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BYOD – the Tech Revolution that Wasn't


Chris Boman was quoted in CIO on August 20, 2015. The article “BYOD – the Tech Revolution that Wasn’t” discussed how once upon a time, BYOD and the consumerization of IT was held up as a paragon of productivity and cost savings for enterprises that embraced the concept. Now? Not so much.

Chris was quoted on the legal and financial issues associated with BYOD.

“There are a lot of issues that must be thought through,” said Chris.

"A clear example of this would be mileage," he said. The difference there is that there's already an IRS rate for that reimbursement. There isn't anything for phone use.

BYOD can also blur the line between work time and non-work time, and whether or not employees need to be compensated for it. "For nonexempt employees, if they are using their phone for work purposes after hours or before hours or lunch, you have an off-the-clock issue," he said.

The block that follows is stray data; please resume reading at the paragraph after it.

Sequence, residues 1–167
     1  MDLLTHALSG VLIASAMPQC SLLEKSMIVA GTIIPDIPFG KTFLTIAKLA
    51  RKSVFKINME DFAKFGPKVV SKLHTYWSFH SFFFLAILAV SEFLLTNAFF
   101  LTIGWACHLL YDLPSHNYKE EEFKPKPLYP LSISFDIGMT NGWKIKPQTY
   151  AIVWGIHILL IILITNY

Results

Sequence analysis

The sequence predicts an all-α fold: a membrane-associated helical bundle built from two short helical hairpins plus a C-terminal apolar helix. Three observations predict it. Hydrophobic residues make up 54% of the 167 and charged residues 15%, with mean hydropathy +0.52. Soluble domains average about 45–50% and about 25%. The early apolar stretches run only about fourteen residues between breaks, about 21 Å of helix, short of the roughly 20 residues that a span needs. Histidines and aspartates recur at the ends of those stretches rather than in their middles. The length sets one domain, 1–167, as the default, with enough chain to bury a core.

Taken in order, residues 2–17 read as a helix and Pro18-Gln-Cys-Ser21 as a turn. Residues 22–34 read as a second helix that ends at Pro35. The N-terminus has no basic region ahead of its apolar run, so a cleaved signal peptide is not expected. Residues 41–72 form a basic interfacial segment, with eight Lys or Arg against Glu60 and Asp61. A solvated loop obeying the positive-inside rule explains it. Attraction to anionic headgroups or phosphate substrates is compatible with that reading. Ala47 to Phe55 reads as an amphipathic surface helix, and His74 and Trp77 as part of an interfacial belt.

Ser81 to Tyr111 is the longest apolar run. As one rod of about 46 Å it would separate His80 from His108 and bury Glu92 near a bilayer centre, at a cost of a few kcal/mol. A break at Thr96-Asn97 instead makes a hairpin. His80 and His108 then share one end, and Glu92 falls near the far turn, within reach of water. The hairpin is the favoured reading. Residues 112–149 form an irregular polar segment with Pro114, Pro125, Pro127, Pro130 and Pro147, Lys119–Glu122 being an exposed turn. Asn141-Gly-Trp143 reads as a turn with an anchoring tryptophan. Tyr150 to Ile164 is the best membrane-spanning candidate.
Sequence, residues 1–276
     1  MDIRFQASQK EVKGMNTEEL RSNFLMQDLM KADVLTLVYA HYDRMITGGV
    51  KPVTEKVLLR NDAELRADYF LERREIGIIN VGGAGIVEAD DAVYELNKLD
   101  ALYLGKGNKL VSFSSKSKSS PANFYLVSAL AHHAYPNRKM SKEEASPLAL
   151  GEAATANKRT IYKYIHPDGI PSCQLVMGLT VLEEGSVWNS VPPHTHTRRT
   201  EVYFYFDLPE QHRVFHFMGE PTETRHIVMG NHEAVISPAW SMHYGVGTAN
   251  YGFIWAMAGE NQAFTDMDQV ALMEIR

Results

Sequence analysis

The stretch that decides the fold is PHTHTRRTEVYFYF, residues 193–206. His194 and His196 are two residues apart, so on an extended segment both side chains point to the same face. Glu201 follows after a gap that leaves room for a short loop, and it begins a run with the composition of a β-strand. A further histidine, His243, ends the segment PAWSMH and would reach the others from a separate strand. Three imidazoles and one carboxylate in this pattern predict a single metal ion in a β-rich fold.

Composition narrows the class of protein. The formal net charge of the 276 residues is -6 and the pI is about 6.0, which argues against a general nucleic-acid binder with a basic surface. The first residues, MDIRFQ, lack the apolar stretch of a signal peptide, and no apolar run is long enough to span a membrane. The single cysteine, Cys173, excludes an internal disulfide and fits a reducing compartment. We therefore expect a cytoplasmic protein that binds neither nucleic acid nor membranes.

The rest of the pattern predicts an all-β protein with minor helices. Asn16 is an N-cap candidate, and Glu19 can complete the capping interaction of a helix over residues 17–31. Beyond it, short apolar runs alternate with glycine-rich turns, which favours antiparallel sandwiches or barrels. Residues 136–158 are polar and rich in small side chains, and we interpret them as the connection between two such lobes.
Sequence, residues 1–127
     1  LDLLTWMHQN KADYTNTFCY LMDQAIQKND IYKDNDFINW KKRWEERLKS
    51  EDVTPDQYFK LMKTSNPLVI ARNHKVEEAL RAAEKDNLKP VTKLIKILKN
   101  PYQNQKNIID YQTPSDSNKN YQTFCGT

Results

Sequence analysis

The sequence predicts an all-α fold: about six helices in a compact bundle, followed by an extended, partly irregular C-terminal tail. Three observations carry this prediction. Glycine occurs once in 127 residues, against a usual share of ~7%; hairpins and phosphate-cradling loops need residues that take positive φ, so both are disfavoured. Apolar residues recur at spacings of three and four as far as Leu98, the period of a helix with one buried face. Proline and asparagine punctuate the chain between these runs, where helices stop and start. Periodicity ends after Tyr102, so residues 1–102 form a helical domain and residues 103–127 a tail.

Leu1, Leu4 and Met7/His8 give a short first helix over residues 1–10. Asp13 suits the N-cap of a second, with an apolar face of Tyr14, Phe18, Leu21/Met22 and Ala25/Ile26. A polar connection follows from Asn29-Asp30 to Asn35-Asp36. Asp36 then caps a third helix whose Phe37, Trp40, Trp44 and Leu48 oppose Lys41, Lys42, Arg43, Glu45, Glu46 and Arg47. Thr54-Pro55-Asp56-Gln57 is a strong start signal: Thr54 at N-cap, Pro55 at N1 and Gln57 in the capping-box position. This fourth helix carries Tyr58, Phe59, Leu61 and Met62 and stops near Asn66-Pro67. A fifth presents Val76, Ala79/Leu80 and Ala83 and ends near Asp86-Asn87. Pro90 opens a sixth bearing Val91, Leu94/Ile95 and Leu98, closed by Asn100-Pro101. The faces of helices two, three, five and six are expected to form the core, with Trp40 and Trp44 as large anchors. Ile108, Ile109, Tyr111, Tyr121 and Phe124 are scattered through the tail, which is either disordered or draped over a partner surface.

What rights employers have over a device when the employee owns it is also murky. "With work technology or business technology, the employer typically retains the right to inspect and monitor your devices," Chris said. "How do you do that when the employee is providing the technology? It's the erosion of employer rights or encroachment on an employee's privacy."

And then there's what happens if your company is subject to regulations for discovery during legislation – known as ESI, for electronically store information. Under ESI, employers have an obligation to preserve electronic data, information and documents. "When you have a personal phone used for business and zip drive and thumb drive and laptop and tablet, the employer is obligated to corral all of those and preserve all the evidence on them," he said. "BYOD creates an ESI risk because of the administrative nightmare of trying to identify all the mediums that may exist."

To read the full article, please visit CIO.


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